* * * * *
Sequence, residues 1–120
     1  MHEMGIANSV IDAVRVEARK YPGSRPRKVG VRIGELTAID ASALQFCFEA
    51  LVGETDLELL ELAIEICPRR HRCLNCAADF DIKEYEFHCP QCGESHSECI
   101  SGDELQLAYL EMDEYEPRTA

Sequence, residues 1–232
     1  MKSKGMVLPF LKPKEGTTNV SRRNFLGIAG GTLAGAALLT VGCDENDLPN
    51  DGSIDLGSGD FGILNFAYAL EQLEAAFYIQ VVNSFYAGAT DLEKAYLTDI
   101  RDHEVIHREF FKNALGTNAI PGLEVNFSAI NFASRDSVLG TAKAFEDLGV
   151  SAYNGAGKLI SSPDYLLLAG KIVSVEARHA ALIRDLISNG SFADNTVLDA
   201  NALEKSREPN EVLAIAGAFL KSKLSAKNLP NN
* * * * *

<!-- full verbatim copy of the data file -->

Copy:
Sequence, residues 1–120
     1  MHEMGIANSV IDAVRVEARK YPGSRPRKVG VRIGELTAID ASALQFCFEA
    51  LVGETDLELL ELAIEICPRR HRCLNCAADF DIKEYEFHCP QCGESHSECI
   101  SGDELQLAYL EMDEYEPRTA

Sequence, residues 1–232
     1  MKSKGMVLPF LKPKEGTTNV SRRNFLGIAG GTLAGAALLT VGCDENDLPN
    51  DGSIDLGSGD FGILNFAYAL EQLEAAFYIQ VVNSFYAGAT DLEKAYLTDI
   101  RDHEVIHREF FKNALGTNAI PGLEVNFSAI NFASRDSVLG TAKAFEDLGV
   151  SAYNGAGKLI SSPDYLLLAG KIVSVEARHA ALIRDLISNG SFADNTVLDA
   201  NALEKSREPN EVLAIAGAFL KSKLSAKNLP NN